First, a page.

I believe in doing what you love and loving what you do. Jiu jitsu doesn't pay my bills or feed hungry children or do anything great for the world. I do it because it's fun, and when it stops being fun, I know it's time to take a step back.
Women, in my experience, tend to be more selective about their training partners than men are. We want to be safe, we don't want to get smashed with strength, and we want to look ok when we go to work the next day. I don't like making the choice between rolling with someone who is going to play dirty, or sitting out the round. More often than not I choose the former, but that leaves me frustrated and, more than anything, just plain hurts my feelings. I believe a couple of things:
1) When I get tapped, it should be because of one of the following - the person is better than me, is trying something new, or caught me before I could defend. When this happens, I will most likely compliment him or her on the technique and try to learn from it. But if someone flat out beasts a move, it doesn't help either of us. Doing something to me that could not be realistically done to someone one's own strength does not help that person learn. It just makes me want to roll with someone else. It took me a while to learn this, but when I train with smaller girls, I make a conscious effort to tone done my strength. Sometimes this means I get tapped, but I learn more from that than by plowing through somebody.
2) There is a time and a place for heavy cross-facing, choking with your forearm, covering someone's eyes with a gi, or grinding your elbows or fists into their face - tournaments. Or street fights, if you are so inclined. Personally, I flat out do not do these things to my training partners. If these are things you want to do in practice, I suggest doing them with partners who match your style.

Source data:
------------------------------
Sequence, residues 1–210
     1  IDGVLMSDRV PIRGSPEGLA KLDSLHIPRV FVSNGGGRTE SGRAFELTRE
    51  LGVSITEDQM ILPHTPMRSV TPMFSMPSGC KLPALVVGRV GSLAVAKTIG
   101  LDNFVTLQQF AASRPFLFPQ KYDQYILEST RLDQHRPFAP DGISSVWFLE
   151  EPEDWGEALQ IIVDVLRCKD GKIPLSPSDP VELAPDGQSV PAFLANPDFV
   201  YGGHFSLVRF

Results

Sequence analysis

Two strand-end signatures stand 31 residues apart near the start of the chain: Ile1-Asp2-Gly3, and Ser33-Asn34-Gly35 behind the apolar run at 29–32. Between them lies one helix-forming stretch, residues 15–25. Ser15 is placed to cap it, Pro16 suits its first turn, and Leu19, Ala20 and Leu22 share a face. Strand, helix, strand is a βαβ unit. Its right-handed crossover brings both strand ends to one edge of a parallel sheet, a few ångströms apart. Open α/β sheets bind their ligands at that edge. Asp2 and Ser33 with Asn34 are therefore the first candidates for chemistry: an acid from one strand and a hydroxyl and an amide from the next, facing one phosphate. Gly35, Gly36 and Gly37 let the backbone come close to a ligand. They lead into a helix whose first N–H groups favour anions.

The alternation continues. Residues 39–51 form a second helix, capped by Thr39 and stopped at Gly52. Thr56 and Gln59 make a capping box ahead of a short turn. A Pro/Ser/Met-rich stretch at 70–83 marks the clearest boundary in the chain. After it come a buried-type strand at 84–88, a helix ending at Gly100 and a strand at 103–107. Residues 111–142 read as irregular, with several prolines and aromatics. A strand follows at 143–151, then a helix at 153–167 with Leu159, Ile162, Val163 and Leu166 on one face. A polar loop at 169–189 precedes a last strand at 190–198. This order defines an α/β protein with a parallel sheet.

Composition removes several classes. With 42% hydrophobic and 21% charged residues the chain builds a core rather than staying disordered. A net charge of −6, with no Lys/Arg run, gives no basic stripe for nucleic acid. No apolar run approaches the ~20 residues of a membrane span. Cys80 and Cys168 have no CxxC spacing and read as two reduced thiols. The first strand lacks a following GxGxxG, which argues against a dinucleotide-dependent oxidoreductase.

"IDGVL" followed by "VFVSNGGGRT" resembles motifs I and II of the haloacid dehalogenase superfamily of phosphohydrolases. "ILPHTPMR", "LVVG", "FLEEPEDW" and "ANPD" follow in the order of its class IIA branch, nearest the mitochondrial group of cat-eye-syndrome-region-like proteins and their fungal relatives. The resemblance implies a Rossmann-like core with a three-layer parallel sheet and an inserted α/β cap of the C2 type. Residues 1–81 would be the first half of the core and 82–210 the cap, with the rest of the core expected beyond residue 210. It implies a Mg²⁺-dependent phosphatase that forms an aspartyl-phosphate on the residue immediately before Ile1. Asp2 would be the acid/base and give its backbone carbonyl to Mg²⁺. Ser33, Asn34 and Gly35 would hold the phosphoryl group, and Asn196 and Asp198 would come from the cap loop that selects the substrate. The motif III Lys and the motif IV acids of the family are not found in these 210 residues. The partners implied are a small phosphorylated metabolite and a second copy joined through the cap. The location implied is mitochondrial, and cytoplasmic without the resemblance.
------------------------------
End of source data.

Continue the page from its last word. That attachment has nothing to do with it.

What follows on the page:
In Jiu jitsu, people are our training equipment. Good equipment will stick with you for a long time and will help you improve. Bad equipment will wear you down or get you injured.
Back in my swimming days, I had a very fancy racing suit that I used to wear in my open water races. It was hydrophobic, which means that it repelled water, giving me less drag. Also, the material was super buoyant, allowing me to ride a little higher in the water. It was a fast, fancy suit, but it had one flaw - when I least expected it, it would expose my left boob.
Often this would happen at the end of a race, when I would quickly go from horizontal to vertical. As I would run out of the water, trying to overcome vertigo, my left boob would pop its way out of my suit, exposing my goods to the spectators. In my mind, racing trumped modesty, so I would just keep going. But after several embarrassing race finishes, I finally I accepted the obvious - my fast, fancy suit simply did not fit.
|You didn't REALLY think I'd post a picture, did you? This is the new suit I bought, one that keeps both my girls covered.|
So it's time for a little mental health break. I have a lifetime to learn jiu jitsu, so a couple days off won't kill me.